A Tasmanian devil seen snarling. The animals are in danger of dying off because of a deadly, transmissible cancer.
Credit: Tasmanian Devil image via Shutterstock
Tasmanian devils are small marsupials with ratlike features, sharp teeth and coarse black or brown fur. Diminutive as it may be, don't be fooled: This creature has a fighting style that is quite intimidating.
The real Tasmanian devil doesn't really resemble the famous cartoon character. It isn't the same size as humans, for example. Nor does it storm through its surroundings like a swirling tornado. The Tasmanian devil is just 20 to 31 inches (51 to 79 centimeters) tall and weighs only 9 to 26 lbs. (4 to 12 kilograms).
The Tasmanian devil is found on the island of Tasmania in Australia — an area of about 35,042 square miles (90,758 square kilometers). Though Tasmanian devils can live anywhere on the island, they prefer coastal scrublands and forests, according to National Geographic. But no matter what area of the island they inhabit, these animals sleep under rocks or in caves, logs or burrows.
The cartoon Tasmanian devil does have one thing in common with the real creature: poor temperament. When the devil feels threatened, it goes into a rage in which it growls, lunges and bares its teeth. It also makes otherworldly screams that can seem very devil-like. It may be due to this temper that the Tasmanian devil is a solitary creature.
The Tasmanian devil is also nocturnal; it sleeps during the day and is awake at night. During the night, they sometimes journey up to 10 miles (16 km) to hunt, according to the San Diego Zoo.
The Tasmanian devil is the world's largest carnivorous marsupial, according to National Geographic. Most of the time, they eat birds, snakes, fish and insects. Often, they feast on dead carcasses, called carrion. Sometimes, many devils converge on one carcass, and fighting ensues.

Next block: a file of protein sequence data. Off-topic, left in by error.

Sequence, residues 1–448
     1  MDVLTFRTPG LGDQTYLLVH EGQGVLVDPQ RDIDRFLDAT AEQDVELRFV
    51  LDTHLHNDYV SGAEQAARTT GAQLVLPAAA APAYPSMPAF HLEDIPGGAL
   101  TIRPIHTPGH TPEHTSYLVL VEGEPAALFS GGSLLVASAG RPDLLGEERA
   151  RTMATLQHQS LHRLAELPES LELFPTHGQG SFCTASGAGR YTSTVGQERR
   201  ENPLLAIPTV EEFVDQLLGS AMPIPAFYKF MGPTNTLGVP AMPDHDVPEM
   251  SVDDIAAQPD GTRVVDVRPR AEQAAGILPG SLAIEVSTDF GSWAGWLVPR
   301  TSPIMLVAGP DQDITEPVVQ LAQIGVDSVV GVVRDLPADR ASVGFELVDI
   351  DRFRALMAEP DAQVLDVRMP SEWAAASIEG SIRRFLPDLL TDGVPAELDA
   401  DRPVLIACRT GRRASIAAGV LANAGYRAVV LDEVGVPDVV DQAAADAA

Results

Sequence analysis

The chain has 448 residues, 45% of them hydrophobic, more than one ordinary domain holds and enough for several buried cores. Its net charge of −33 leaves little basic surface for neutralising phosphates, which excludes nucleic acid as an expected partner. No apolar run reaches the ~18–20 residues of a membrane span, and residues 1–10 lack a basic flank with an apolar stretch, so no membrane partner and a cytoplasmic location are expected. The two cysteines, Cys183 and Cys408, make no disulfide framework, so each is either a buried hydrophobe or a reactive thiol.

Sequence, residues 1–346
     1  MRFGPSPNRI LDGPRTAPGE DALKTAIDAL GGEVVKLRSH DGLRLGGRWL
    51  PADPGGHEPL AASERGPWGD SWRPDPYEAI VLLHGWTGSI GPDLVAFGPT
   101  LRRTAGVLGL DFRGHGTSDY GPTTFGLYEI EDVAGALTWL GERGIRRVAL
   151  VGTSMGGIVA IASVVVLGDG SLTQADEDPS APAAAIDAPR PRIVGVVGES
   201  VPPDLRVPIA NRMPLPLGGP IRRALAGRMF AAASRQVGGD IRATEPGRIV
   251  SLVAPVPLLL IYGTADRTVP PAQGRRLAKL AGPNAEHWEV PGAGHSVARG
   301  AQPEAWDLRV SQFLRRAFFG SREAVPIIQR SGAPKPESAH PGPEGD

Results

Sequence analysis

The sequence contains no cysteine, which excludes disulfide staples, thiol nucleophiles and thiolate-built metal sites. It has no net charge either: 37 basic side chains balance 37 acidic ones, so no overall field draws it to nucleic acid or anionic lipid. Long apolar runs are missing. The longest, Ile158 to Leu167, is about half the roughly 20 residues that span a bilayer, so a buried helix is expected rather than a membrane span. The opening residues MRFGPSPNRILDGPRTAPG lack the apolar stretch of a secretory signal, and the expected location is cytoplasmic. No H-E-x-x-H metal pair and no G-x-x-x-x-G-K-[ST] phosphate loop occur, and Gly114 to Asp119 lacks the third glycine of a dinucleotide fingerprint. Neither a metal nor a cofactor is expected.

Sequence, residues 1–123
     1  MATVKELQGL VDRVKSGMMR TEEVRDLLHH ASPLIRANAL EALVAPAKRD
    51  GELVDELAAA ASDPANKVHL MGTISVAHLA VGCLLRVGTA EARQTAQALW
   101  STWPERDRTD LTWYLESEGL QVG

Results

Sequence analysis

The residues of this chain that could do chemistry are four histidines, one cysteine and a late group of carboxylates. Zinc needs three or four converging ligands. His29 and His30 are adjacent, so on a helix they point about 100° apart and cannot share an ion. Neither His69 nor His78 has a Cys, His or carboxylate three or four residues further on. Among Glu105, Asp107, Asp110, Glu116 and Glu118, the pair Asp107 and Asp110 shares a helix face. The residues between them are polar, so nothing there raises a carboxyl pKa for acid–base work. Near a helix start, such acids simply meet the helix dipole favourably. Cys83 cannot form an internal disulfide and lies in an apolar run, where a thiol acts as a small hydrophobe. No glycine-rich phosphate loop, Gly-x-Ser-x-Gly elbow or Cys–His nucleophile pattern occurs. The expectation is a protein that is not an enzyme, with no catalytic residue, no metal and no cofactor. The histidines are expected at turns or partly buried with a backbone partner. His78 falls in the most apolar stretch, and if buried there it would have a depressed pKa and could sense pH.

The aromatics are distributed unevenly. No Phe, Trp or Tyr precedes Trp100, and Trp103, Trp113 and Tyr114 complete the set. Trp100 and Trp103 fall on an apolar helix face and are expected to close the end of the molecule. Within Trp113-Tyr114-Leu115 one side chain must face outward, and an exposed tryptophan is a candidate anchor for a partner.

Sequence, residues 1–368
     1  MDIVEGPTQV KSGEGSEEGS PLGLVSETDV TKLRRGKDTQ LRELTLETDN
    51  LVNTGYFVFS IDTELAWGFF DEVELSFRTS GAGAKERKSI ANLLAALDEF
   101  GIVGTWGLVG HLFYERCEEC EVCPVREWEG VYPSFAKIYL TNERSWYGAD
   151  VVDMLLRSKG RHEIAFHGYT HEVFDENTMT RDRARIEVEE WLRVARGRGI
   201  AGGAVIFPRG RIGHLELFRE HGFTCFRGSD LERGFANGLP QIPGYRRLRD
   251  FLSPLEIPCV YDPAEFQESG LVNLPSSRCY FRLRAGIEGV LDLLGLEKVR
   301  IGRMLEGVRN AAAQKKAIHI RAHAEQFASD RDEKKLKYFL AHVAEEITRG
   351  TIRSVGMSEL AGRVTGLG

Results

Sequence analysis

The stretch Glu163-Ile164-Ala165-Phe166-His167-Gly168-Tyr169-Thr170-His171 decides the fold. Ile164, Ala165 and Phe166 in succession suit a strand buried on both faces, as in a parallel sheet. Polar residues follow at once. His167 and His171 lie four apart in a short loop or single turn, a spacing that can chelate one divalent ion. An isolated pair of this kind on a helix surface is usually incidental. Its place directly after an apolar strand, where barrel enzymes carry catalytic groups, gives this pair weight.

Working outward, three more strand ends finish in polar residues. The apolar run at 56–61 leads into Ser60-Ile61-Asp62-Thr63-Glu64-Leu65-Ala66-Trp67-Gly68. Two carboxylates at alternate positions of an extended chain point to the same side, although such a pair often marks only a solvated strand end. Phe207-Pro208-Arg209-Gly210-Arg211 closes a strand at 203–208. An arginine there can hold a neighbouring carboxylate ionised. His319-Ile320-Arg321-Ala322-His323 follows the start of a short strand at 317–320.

When they have a meal, Tasmanian devils don't waste any part of the animal; they eat the bones, hair, organs and muscle of their prey.
Tasmanian devils typically mate once a year in March. Mother devils have a gestation period of around three weeks, and the babies are born in April. She will have up to 50 young at once. The young, called imps, are pink and hairless and only about the size of a grain of rice, according to the San Diego Zoo.
At birth, the imps must race to the mother's pouch, where they compete for one of her four teats. Only those four will have a chance of surviving; the others will die due to malnourishment.
Babies stay in their pouch for four months. Once they come out, they are weaned, and the mother will carry the imps on her back. By eight to nine months, the imps are fully grown. Tasmanian devils live five to eight years.
Here is the taxonomy of Tasmanian devils, according to the Integrated Taxonomic Information System (ITIS):
- Kingdom: Animalia
- Subkingdom: Bilateria
- Infrakingdom: Deuterostomia
- Phylum: Chordata
- Subphylum: Vertebrata
- Infraphylum: Gnathostomata
- Superclass: Tetrapoda
- Class: Mammalia
- Subclass: Theria
- Infraclass: Metatheria
- Order: Dasyuromorphia
- Family: Dasyuridae
- Subfamily: Dasyurinae
- Tribe: Dasyurini
- Genus: Sarcophilus
- Species: Sarcophilus
- Subspecies: Sarcophilus harrisii dixonae, Sarcophilus harrisii harrisii
According to the International Union for Conservation of Nature's Red List of Threatened Species, Tasmanian devils are endangered, and their population numbers are declining. In 2007, the IUCN estimated that the population may have been around 25,000 adults.
The Tasmanian devil's population has declined by at least 60 percent since 2001 due to a cancer called devil facial tumor disease (DFTD). DFTD causes tumors to form on the devil's facial area, making it difficult for them to eat. Eventually, the animal starves to death. The Save the Tasmanian Devil Program is an initiative created by the Australian and Tasmanian governments to save the animals from DFTD.
The Tasmanian devil's front legs are longer than its back legs.
Even though it is small, it has one of the most powerful bites in the animal world, due to its muscular jaw, according to National Geographic.
Tasmanian devils store extra fat in their tails.
Though awkward on the ground, Tasmanian devils are good tree climbers.
- Australia Department of Parks, Water and Energy: Tasmanian Devils
- Australian Parks and Wildlife Service: Tasmanian Devils
- Save the Tasmanian Devil
- University of Michigan Museum of Zoology: Tasmanian Devil